Refeeding Syndrome (Signs and Symptoms)

If carbohydrates and sodium are reintroduced too rapidly. 

↑sed insulin secretion (Anti-natriuretic effect) and ↑ sodium leads to - ↑ECF volume . Carbohydrates stimulates intracellular Glucose-6-phosphate and Glycogen synthesis,  ↓ Phosphate, More intake of food than prior,  ↑ Metabolism (↓ Phosphate, ↓K, ↓Mg)

  • Thiamine deficiency and cardiac arrhythmias may occur. Cardiac arrythmias can occur.


  • Behavioral management
    • Praise for healthy eating habits.
    • Restriction of self induced vomiting.
  • Individual therapy. Family education


  • SSRIs may be beneficial. Antipsychotic: Olanzapine is showing promising results.
    • Promoting weight gain.
    • Reducing distressing psychological symptoms.

Bulimia Nervosa

  • Bulimia (Greek word): Ox Hunger. More common in females - Females : Male::10:1.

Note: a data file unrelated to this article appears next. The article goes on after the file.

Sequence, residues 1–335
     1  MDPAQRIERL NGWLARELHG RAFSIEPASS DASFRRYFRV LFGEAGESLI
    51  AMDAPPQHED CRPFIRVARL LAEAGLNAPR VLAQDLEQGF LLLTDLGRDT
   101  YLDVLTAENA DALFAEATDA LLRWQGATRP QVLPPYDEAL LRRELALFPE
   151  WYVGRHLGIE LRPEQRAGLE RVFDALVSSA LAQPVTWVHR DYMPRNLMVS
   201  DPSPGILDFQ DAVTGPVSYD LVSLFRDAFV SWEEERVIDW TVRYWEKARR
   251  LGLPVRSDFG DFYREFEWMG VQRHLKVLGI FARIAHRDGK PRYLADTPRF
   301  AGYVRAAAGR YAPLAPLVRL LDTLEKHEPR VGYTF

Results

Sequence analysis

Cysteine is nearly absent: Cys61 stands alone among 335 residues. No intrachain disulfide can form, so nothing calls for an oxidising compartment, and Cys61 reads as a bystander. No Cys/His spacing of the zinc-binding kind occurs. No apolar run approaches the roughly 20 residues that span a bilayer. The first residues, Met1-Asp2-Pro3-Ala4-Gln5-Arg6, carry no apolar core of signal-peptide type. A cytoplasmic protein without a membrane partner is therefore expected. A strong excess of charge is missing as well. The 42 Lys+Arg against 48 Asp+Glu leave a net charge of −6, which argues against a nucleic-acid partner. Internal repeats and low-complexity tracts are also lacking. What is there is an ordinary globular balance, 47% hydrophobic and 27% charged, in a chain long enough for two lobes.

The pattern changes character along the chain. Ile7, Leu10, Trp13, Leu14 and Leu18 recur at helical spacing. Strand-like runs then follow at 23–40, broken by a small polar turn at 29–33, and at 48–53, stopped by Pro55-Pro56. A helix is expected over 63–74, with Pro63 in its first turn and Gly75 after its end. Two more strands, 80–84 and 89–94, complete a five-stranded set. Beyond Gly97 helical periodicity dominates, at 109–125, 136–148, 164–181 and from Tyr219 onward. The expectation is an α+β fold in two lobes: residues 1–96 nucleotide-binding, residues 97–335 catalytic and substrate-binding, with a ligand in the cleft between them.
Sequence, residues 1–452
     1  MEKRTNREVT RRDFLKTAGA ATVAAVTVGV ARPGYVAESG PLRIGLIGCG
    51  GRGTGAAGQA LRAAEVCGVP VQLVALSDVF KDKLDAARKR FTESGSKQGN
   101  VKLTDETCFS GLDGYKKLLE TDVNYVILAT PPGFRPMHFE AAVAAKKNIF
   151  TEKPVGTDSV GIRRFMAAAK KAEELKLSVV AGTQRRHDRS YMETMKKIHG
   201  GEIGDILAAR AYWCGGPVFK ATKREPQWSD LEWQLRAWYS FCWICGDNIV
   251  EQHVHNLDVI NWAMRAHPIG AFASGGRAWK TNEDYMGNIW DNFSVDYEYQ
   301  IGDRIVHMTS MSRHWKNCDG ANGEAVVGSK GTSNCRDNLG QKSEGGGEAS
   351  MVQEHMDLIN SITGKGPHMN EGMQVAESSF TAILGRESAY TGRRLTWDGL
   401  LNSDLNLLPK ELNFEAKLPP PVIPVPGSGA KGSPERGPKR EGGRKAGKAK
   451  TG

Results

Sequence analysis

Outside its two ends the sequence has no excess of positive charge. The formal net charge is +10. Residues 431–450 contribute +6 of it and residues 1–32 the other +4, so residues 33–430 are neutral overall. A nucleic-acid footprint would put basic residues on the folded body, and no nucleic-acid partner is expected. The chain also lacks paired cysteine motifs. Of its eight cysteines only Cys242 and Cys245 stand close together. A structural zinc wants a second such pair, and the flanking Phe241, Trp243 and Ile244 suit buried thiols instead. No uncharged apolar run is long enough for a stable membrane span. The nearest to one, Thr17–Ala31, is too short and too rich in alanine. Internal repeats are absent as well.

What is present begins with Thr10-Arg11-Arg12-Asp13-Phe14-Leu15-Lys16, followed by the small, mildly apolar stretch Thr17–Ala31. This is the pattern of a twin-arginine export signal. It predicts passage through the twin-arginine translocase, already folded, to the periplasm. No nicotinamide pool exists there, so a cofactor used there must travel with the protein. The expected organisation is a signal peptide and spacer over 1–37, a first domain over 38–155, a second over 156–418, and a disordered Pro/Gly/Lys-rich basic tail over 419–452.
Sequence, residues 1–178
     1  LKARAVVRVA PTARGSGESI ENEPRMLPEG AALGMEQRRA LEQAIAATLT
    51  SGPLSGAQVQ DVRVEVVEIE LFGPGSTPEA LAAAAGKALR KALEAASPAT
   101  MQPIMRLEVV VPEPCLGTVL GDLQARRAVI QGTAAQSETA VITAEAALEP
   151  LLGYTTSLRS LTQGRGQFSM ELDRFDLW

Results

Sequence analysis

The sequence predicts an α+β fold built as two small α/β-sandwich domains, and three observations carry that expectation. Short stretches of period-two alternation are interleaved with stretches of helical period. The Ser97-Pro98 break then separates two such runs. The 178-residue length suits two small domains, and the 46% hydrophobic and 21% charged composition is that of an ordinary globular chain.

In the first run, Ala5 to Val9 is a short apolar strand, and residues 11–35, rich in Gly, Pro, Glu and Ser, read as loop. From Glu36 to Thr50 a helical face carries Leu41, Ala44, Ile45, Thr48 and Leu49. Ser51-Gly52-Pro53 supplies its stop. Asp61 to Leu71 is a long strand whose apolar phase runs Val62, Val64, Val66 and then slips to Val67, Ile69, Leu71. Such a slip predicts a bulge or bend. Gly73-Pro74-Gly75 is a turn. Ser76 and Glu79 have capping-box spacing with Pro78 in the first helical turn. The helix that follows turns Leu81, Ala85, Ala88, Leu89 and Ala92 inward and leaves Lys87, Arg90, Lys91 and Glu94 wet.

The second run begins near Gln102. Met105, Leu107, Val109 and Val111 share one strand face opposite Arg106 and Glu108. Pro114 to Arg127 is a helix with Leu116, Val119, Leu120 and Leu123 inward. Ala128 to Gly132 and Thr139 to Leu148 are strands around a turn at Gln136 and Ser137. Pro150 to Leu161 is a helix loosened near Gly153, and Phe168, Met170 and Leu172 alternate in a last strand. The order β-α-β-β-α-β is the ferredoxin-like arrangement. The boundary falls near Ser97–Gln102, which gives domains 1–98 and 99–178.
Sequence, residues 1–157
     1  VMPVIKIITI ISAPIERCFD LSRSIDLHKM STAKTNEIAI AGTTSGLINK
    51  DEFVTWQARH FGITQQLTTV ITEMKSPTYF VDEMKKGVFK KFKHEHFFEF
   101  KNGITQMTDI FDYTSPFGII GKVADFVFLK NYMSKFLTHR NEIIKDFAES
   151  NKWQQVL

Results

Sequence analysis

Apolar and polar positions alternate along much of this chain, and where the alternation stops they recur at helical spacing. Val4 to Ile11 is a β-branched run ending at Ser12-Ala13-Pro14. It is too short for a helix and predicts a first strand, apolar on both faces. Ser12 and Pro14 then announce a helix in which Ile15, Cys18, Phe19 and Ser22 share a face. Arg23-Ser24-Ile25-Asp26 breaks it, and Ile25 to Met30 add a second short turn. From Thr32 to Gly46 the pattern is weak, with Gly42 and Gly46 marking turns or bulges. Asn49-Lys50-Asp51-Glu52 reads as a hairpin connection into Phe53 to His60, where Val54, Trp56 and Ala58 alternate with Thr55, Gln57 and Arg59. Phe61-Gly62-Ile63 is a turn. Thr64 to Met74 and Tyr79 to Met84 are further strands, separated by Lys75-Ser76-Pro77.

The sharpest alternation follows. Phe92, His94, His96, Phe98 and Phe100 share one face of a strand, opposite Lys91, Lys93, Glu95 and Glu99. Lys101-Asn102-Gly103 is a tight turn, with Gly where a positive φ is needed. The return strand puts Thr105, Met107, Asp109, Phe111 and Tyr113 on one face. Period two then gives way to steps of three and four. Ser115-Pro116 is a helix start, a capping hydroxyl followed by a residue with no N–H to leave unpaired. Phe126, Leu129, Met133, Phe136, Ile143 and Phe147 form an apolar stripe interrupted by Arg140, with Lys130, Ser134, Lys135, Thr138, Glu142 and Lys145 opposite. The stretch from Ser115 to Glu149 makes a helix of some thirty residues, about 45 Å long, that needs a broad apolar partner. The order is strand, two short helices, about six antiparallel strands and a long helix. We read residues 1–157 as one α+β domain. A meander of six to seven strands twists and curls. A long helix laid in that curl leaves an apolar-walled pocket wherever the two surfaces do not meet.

• Age of Onset
    • Late adolescence and young adulthood. Slightly later than Anorexia Nervosa. 18-21 group.
  • Episodes of binge eating combined with inappropriate ways of preventing weight gain.

Clinical Features

  • Binge eating: Eating large amounts of food in a shorter time. Lack of control over eating. Followed by compensatory behavior to prevent weight gain, includes:
    • Purging behaviors
      • Vomiting. Use of Laxative, or Diuretics, or Emetics. 
      • May do excessive exercises
      • Fasting
  • Occurrence: 1/week for 3 months. May have
    • Fear of weight gain or obesity
    • Desire to lose weight
  • Normal weight or weight gain is seen.
  • Features Secondary to Purging